Now that the June primary season is officially in the voting mode (early voting started May 5), candidates will be working hard to increase their profiles.
Some races likely are little more than an earlier popularity contest with the serious contests coming in the fall. That's likely the case in two Bay Area congressional races because of the open primary system that pits the top two finishers in November.
In the 15th, Eric Swalwell of Dublin faces a couple of primary challengers, but only termed out state Senator Ellen Corbett is significant. Their Democrat vs. Democrat showdown will come in November, just like it did two years ago when Swalwell upset 20-term Congressman Pete Starkwho incidentally has vowed to do all he can to help Corbett take out Swalwell.
There is also an interesting dynamic in the 17th district where long-term incumbent Mike Honda faces a spirited challenge from 37-year-old Silicon Valley attorney Ro Khanna. Khanna initially worked to mount a challenge to Swalwell, but decided to take on Honda instead. The two are the favorites to make the run-off in the fall, but there also are two Republicans in the race that could split up the votes.
Khanna received a key endorsement last weekend when the San Jose Mercury recommended him over Honda. The editorial board had complimentary words for Honda, but referred to the 73-year-old him as "venerable." Not exactly a label you want when being compared with a dynamic young man who first ran for Congress at the age of 27.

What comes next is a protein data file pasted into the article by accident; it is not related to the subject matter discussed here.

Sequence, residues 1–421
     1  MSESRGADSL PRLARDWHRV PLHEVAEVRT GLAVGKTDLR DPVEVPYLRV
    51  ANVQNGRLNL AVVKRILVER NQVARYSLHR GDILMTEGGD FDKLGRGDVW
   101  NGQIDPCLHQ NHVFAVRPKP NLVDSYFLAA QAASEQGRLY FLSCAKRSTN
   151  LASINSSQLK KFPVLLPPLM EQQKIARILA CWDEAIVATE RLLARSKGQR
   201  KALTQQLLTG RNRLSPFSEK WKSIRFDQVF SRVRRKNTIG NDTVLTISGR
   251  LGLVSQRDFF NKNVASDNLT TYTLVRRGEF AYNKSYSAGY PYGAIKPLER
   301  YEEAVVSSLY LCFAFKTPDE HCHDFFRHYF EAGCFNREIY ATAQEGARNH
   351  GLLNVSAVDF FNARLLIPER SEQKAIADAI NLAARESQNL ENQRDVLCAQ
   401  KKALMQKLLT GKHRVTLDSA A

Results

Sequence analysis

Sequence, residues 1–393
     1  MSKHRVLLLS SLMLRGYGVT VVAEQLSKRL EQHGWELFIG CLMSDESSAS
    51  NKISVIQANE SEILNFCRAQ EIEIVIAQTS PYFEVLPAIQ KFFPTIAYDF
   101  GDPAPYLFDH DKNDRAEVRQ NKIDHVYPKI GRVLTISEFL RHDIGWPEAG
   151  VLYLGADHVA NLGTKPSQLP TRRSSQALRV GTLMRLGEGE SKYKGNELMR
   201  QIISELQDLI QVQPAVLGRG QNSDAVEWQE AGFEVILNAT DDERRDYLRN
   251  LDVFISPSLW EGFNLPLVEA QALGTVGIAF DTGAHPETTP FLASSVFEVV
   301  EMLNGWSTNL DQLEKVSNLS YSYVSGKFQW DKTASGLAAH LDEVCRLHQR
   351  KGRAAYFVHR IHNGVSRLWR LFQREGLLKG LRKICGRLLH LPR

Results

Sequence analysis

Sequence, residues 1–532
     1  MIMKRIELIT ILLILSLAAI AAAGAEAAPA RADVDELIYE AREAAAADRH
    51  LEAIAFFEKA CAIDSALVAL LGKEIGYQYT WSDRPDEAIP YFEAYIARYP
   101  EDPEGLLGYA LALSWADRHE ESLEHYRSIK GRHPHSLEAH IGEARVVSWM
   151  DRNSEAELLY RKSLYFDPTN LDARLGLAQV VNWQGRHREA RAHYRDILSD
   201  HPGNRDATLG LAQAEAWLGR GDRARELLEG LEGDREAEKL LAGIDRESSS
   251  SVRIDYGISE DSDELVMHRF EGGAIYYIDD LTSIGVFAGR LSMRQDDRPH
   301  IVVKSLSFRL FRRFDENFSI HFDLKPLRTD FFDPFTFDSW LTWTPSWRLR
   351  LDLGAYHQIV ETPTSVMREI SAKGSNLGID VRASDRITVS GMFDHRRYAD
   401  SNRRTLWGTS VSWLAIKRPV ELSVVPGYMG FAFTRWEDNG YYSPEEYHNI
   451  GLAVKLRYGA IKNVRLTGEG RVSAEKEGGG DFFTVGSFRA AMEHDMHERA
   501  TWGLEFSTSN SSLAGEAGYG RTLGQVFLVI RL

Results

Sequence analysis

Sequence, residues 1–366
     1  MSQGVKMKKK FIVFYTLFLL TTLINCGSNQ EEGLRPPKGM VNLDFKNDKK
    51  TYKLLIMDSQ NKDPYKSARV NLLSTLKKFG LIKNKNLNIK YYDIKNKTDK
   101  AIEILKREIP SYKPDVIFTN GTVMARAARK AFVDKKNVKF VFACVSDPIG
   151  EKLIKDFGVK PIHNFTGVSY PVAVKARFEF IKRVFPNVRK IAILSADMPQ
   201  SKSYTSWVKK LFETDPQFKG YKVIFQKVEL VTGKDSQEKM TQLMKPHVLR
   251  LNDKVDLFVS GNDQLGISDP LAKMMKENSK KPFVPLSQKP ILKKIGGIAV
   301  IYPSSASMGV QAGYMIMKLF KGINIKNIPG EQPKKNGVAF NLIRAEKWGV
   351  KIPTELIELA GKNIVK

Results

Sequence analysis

It would be an apt description for either of California's senatorsDianne Feinstein (81) has served for 22 years, while Barbara Boxer (74) has been there 21 years.
The contrast is the heated primary for the Assembly seat that Joan Buchanan of Alamo has held for the last six years--she is termed out. Democrats Dublin Mayor Tim Sbranti, Danville Councilman Newell Arnerich, Orinda Councilman Steve Glazer and Pleasanton attorney Catharine Baker, a Republican, are running with two advancing to the general election. The spirited race offers voters a range of choices in governing philosophy and probably show off the open primary at its best.
It's a good season to be a school trustee and superintendent in the Dublin Unified School District.
District voters renewed the $96 per year parcel tax overwhelmingly in a mail-in election that was concluded last week. The measure won 75-25 percent when it was last renewed and received 79 percent of the votes cast last week26 percent of registered voters mailed in their ballots. Clearly, Dublin citizens trust the board members and Superintendent Stephen Hanke.
The tax has been raising $1.2 million annuallya number that will increase as additional parcels are developed. The city grew 7.1 percent last year driven by new homes on the east sidean area that has been little activity since the recession hit in 2008. As the city moves toward built-out, the parcel tax revenues could reach $2 million a year. The factor that the trustees cited as so important is that Dublin's revenue per student from the state will not grow because of the new funding formula that allocates more to districts with students living in poverty.
Over the next month, the Livermore school district will learn the fate of its renewal of its parcel tax. For years, Livermore has received significantly less revenue per student than the Pleasanton and Dublin districts, but that will change as the new funding formula kicks in over the next few years. At current levels, Livermore would receive $14 million more per year at Dublin's per-student rate and $10 million per student at Pleasanton's rate.
The $138 per parcel tax for seven years will generate about $3.8 million annually for Livermore schools.